This is the fifty-second in a series of annual reports that describe groundwater conditions in Utah. Reports in this series, published cooperatively by the U.S. Geological Survey and the Utah Department of Natural Resources, Division of Water Rights, and the Utah Department of Environmental Quality, Division of Water Quality, provide data to enable interested parties to maintain awareness of changing groundwater conditions. This report, like the others in the series, contains information on well construction, groundwater withdrawals from wells, water-level changes, precipitation, streamflow, and chemical quality of water. Information on well construction included in this report refers only to new wells constructed for withdrawal of groundwater. Supplementary data are included in reports of this series only for those years or areas that are important to a discussion of changing groundwater conditions and for which applicable data are available.This report includes individual discussions of selected significant areas of groundwater development in the State for calendar year 2014. Most of the reported data were collected by the U.S. Geological Survey in cooperation with the Utah Department of Natural Resources, Division of Water Rights, and the Utah Department of Environmental Quality, Division of Water Quality. This report is also available online at http://www.waterrights.utah.gov/techinfo/ and http://ut.water.usgs.gov/publications/GW2015.pdf. Groundwater conditions in Utah for calendar year 2013 are reported in Burden and others (2014) and are available online at http://ut.water.usgs.gov/publications/GW2014.pdf.The water-level change maps in this report show the difference between water levels measured in the same well at two distinct times: in the spring of 1985 and the spring of 2015. Throughout the state, many groundwater levels were near their peak in or around 1985 following a multiple-year period of above average precipitation in the early 1980s. Conversely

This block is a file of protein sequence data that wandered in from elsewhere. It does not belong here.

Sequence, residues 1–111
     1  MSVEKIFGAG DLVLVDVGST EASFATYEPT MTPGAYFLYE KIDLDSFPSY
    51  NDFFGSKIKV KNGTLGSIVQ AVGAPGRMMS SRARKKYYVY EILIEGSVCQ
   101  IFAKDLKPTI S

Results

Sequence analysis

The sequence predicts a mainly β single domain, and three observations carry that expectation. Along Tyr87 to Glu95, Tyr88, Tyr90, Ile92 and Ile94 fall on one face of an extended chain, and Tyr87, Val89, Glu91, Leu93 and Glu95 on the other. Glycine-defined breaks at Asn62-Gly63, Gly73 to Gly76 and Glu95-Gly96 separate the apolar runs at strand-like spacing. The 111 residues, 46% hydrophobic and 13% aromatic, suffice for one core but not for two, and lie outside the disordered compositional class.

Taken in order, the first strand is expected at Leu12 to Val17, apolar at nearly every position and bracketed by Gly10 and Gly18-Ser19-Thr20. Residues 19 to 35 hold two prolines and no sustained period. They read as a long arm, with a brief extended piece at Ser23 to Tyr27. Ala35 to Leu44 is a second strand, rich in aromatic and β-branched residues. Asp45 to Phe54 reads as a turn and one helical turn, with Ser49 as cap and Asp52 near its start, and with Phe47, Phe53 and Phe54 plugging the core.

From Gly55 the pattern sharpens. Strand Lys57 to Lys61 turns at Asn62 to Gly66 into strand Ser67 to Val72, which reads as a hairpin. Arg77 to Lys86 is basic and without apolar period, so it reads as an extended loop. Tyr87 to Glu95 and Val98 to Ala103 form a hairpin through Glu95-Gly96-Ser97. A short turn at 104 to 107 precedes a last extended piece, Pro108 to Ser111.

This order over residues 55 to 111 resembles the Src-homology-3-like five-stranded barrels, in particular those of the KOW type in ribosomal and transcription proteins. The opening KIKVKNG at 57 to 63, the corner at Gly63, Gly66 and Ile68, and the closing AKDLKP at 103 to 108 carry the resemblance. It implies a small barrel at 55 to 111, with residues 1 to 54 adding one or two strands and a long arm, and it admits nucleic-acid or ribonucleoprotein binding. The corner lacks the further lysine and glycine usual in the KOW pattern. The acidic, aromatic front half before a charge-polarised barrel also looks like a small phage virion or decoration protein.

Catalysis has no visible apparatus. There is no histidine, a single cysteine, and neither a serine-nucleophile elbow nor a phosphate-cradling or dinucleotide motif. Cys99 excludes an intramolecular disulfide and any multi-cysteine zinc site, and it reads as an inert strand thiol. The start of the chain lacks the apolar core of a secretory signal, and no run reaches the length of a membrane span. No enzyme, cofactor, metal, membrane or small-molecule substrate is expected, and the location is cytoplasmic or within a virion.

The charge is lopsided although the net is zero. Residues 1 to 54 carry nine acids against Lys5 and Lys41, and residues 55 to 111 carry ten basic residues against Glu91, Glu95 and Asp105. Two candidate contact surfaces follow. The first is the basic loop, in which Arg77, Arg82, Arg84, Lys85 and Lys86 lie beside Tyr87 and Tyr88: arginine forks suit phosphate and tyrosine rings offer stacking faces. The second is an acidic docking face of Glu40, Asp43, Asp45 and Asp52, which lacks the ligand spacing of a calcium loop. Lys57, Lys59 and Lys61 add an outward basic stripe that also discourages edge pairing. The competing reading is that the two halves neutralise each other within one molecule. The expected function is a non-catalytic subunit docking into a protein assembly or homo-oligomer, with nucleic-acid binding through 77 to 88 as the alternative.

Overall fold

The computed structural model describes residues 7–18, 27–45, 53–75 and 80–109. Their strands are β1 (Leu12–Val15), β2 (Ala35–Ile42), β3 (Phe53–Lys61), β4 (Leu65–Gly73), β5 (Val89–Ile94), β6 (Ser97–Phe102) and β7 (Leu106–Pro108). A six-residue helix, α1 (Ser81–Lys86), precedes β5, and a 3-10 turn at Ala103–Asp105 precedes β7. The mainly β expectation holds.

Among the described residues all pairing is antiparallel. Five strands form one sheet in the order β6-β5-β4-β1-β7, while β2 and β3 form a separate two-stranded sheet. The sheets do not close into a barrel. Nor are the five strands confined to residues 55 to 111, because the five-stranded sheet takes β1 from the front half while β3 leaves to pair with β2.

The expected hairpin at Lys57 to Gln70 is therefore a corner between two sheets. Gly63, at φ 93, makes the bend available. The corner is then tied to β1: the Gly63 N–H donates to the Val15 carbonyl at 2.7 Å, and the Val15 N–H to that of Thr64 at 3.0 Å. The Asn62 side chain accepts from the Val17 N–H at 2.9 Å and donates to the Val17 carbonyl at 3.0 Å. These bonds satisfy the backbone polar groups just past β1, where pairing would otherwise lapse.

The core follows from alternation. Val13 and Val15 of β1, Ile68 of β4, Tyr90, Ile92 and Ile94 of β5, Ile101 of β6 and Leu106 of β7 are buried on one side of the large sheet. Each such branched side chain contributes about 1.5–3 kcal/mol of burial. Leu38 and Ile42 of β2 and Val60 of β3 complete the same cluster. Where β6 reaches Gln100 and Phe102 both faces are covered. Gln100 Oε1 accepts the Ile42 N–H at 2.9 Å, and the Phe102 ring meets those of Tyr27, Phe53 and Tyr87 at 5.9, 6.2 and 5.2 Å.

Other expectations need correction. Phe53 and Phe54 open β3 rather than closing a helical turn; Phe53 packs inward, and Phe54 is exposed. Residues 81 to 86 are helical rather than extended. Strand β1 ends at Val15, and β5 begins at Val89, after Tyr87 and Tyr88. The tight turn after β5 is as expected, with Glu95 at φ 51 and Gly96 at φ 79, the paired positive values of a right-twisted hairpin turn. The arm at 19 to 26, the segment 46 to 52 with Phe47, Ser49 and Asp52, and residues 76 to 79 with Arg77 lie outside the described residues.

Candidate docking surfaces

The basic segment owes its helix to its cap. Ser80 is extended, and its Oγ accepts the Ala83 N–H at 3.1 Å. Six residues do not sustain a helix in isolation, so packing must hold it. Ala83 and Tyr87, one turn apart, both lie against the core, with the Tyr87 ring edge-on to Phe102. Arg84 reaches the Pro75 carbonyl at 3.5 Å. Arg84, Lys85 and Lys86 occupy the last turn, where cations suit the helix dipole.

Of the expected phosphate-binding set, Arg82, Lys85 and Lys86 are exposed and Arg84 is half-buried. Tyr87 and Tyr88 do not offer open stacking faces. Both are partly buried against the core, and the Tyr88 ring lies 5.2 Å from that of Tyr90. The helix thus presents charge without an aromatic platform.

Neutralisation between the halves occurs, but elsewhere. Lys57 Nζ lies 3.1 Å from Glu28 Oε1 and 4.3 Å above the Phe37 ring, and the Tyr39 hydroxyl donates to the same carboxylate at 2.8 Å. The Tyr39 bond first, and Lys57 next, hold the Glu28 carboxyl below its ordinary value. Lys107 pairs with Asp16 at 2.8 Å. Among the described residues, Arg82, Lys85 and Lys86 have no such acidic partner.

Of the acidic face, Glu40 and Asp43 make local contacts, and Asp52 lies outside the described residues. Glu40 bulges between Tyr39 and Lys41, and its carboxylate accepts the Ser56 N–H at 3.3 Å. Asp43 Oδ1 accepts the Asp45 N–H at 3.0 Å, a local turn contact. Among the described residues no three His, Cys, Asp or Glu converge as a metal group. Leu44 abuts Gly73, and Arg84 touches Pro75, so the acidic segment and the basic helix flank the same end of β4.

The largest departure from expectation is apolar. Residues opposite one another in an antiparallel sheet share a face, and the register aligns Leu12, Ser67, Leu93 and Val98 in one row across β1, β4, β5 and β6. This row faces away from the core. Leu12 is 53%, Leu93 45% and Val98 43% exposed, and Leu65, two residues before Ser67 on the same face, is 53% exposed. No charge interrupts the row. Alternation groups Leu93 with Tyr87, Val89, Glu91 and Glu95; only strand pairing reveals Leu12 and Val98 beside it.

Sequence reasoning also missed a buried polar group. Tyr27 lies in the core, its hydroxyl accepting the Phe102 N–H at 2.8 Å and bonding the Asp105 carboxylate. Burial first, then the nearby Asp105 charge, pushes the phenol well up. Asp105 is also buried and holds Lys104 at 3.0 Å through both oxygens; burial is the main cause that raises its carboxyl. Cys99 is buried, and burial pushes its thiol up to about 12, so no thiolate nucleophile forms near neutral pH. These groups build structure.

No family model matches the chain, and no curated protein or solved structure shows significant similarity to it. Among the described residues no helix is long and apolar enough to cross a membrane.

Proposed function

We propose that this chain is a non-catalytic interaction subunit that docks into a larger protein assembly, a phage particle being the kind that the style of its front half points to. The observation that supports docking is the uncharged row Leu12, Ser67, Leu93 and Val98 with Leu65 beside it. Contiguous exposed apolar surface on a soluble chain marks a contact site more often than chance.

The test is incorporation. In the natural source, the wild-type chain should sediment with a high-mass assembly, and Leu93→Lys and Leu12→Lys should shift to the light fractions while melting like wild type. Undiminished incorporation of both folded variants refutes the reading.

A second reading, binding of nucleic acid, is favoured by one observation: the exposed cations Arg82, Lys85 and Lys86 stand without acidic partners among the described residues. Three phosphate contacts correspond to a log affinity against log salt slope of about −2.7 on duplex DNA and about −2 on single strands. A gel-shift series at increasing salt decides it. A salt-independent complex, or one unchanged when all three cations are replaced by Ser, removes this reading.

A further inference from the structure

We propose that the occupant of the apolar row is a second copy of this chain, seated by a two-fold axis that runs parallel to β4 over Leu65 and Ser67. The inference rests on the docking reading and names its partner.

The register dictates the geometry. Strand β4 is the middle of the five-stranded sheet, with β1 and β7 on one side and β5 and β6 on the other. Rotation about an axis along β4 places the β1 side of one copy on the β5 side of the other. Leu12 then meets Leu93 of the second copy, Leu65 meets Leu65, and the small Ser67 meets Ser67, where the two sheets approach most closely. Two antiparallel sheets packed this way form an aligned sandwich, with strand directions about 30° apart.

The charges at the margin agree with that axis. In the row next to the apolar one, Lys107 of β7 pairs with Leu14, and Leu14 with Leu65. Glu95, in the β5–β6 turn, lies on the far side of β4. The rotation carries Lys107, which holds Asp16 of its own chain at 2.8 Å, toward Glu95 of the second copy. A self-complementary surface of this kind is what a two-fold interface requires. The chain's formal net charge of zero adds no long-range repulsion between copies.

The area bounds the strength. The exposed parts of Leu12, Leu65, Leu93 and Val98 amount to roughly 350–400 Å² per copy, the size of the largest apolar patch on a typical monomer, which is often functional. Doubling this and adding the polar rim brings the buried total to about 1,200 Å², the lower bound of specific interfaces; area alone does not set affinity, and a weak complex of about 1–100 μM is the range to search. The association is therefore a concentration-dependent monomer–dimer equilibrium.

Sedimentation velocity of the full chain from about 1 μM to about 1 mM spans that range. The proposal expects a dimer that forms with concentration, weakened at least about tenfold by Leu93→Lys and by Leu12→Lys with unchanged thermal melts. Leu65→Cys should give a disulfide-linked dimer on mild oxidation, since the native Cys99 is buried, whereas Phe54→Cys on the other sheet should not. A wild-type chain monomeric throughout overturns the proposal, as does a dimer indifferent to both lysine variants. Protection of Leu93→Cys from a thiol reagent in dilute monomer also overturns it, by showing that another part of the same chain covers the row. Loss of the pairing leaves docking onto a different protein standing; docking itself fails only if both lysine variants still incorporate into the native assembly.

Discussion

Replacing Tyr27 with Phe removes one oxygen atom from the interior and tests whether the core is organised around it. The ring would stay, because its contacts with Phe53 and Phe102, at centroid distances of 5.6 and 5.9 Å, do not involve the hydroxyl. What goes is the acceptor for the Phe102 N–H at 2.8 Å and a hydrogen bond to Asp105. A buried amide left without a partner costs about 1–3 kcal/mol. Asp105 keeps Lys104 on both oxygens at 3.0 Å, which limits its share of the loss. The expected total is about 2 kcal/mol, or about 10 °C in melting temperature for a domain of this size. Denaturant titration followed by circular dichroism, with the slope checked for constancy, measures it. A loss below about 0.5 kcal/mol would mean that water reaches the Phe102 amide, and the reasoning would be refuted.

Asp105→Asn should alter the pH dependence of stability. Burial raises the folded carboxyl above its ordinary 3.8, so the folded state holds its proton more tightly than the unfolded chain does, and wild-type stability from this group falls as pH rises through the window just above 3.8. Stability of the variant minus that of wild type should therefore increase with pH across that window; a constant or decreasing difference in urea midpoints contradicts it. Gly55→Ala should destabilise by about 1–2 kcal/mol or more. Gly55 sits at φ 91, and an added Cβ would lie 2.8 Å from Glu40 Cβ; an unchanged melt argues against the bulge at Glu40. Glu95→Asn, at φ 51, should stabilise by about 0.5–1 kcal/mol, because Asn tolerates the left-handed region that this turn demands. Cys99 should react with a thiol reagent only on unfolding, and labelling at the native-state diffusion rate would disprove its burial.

14. Evict on write, a management strategy for a prefetch unit and/or first level cache in a multiprocessor system with speculative execution

    Science.gov (United States)

    Gara, Alan; Ohmacht, Martin

    2014-09-16

    In a multiprocessor system with at least two levels of cache, a speculative thread may run on a core processor in parallel with other threads. When the thread seeks to do a write to main memory, this access is to be written through the first level cache to the second level cache. After the write though, the corresponding line is deleted from the first level cache and/or prefetch unit, so that any further accesses to the same location in main memory have to be retrieved from the second level cache. The second level cache keeps track of multiple versions of data, where more than one speculative thread is running in parallel, while the first level cache does not have any of the versions during speculation. A switch allows choosing between modes of operation of a speculation blind first level cache.

  15. Silicon Valley: Planet Startup

    NARCIS (Netherlands)

    Dr. P. Ester; dr. A. Maas

    2016-01-01

    For decades now, Silicon Valley has been the home of the future. It's the birthplace of the world's most successful high-tech companies-including Apple, Yahoo, Google, Facebook, Twitter, and many more. So what's the secret? What is it about Silicon Valley that fosters entrepreneurship and

  16. Haemoragisk Rift Valley Fever

    DEFF Research Database (Denmark)

    Fabiansen, Christian; Thybo, Søren

    2007-01-01

    A case of fatal hemorrhagic Rift Valley fever during an epidemic in Kenya's North Eastern Province in January 2007 is described.......A case of fatal hemorrhagic Rift Valley fever during an epidemic in Kenya's North Eastern Province in January 2007 is described....

  17. A Network-Aware Distributed Storage Cache for Data Intensive Environments

    Energy Technology Data Exchange (ETDEWEB)

    Tierney, B.L.; Lee, J.R.; Johnston, W.E.; Crowley, B.; Holding, M.

    1999-12-23